Such a question leads me back to “where skin after sin swallows into us now.” King’s penchant for quicksilvering syntax is one of her greatest strengths as a poet. Here, “skin” becomes the “sin” that unexpectedly “swallows into us now,” i.e., pores not only sweat (expel) but also take in the “now,” an urgent yet organic process of feeling through a moment that somehow goes morally awry. And the text offers no conclusions about this “sin,” but rather a maelstrom of clues that keep us rapt:

“Friend, your corpus harp reminds me / of existence gone missing”

“I’m not invested in mulching truths at all, / I’m merely a fan of the fur that’s touched”

“Which came first, a graffiti of injury / or the limned outline across the floor?”

“Did you lasso up my voice? Lying by your hips? / A car appears the safest place in a storm.”

Or, this entire section:

In celluloid fashion, waitresses play
musical chairs, never the same face reflected

In a glass of wine, between sips the napkin
flies, gently off, onto your arm, able all along.

What would life be like around you?
I want a stomach for a pillow,

A film that renders a film sufficient,
crises carried in care. One of us reminds the other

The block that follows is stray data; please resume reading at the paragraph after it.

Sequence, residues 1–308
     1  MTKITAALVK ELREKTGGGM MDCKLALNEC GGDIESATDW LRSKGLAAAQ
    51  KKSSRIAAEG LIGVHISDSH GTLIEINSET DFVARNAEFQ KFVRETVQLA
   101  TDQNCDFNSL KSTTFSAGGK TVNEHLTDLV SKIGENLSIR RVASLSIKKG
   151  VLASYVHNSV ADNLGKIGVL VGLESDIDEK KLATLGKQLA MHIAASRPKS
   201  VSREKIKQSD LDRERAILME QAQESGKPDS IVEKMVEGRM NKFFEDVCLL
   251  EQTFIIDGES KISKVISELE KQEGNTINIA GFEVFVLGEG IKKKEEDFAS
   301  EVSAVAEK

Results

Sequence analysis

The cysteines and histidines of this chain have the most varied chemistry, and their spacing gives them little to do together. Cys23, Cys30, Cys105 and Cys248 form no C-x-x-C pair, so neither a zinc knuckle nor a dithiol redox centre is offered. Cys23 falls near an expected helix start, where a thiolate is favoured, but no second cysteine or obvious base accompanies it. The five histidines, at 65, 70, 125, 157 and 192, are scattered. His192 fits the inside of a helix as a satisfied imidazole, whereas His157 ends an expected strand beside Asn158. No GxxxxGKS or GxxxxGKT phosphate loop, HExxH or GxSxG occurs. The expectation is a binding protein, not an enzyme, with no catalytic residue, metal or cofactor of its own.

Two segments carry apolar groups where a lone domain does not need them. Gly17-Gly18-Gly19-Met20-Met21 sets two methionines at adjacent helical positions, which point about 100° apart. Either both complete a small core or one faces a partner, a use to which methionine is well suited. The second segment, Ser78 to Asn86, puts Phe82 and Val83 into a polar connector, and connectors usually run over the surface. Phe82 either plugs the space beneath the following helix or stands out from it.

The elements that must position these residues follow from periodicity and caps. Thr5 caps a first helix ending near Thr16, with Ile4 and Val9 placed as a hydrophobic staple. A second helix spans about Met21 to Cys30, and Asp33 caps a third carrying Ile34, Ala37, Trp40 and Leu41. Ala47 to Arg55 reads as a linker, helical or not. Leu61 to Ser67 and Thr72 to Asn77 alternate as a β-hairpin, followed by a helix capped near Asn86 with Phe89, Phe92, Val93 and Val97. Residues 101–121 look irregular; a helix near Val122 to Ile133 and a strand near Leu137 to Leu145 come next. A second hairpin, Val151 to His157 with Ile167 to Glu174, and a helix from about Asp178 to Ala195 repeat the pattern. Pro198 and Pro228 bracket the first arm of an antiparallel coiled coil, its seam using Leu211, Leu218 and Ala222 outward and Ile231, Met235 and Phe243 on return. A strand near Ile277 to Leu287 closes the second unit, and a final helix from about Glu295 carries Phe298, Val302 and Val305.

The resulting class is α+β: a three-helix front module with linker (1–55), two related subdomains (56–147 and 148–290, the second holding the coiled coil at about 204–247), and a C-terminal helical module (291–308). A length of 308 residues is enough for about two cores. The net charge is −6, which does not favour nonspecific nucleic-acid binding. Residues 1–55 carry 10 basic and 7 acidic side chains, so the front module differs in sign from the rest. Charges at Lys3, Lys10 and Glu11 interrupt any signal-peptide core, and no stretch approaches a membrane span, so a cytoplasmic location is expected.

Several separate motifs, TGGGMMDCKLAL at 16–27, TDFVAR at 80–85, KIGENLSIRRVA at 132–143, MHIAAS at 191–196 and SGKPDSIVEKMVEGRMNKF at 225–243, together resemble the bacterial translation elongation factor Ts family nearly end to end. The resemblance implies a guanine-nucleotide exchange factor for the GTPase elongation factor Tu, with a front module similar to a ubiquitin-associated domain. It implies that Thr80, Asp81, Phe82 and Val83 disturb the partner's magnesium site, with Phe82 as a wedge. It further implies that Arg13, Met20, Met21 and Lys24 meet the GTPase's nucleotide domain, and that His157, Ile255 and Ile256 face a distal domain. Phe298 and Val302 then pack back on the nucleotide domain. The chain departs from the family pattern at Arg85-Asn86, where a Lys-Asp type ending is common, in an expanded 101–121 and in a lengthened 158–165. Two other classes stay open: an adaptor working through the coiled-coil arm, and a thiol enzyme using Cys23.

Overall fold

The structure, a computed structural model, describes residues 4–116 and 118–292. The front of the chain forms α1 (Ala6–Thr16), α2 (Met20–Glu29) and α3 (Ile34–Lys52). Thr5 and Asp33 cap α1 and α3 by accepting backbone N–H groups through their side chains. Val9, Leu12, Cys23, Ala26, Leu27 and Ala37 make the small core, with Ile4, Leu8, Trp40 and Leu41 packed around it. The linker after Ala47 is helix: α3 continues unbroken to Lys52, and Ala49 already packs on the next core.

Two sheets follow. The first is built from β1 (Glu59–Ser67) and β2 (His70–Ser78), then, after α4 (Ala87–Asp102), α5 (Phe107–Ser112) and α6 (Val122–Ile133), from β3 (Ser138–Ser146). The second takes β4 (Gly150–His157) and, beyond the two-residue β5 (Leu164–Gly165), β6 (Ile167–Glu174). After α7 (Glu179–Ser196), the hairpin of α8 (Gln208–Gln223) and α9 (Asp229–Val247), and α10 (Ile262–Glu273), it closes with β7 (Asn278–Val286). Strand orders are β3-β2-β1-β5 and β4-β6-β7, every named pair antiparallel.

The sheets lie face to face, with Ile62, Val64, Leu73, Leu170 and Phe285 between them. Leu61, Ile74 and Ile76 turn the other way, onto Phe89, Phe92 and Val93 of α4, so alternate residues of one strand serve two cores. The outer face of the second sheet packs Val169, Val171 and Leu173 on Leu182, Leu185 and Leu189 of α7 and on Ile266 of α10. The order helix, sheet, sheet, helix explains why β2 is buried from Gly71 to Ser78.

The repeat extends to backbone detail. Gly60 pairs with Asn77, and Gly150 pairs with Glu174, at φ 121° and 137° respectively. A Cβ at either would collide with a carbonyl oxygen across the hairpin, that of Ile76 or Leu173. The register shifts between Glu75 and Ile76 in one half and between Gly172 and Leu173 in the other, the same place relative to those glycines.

Of a hostage who falls for her babysitter,
anchored sharp on gluegunned I love yous,

This incomplete answer escapes its yes,
a museum-shelved painting as evidence—

Who will seek your footnoted solos
for the gender that sidesteps its name?

Campaigns are about ends, and King’s campaign is no exception. The question of “sin” (and all the language that the question suggests, e.g., error, shame, etc.) is “incomplete,” yet must suffice in being its own individual and particular system of meaning. The Good Campaign is indeed good because it is made “of mathematical matchsticks / for the romance of gluing together,” the form(ula) of the couplet leaving us with more than one answer, one end, one art. A lack of both definitive closure and closed definitions leave the text hauntingly ambiguous, i.e., ambiguous in the sense of textual space, into which the reader can enter. King’s phrase “gluing together” could either mean two individuals romantically stuck to one another, or two individuals who share the process of putting together their singular, yet broken lives. Perhaps the phrase points to both these interpretations at once, but not even “gluegunned I love yous” are enough to hold a coupling together—or one’s life, for that matter—and this human problematic seems a sin, a shame, a lack out of which poems are made. Glittering, enigmatic, beautiful and of consequence, King’s lyricism makes “legs unfurl, brainstems burn, and trumpets / bone the room.” In a good way, The Good Campaignwill leave you wanting.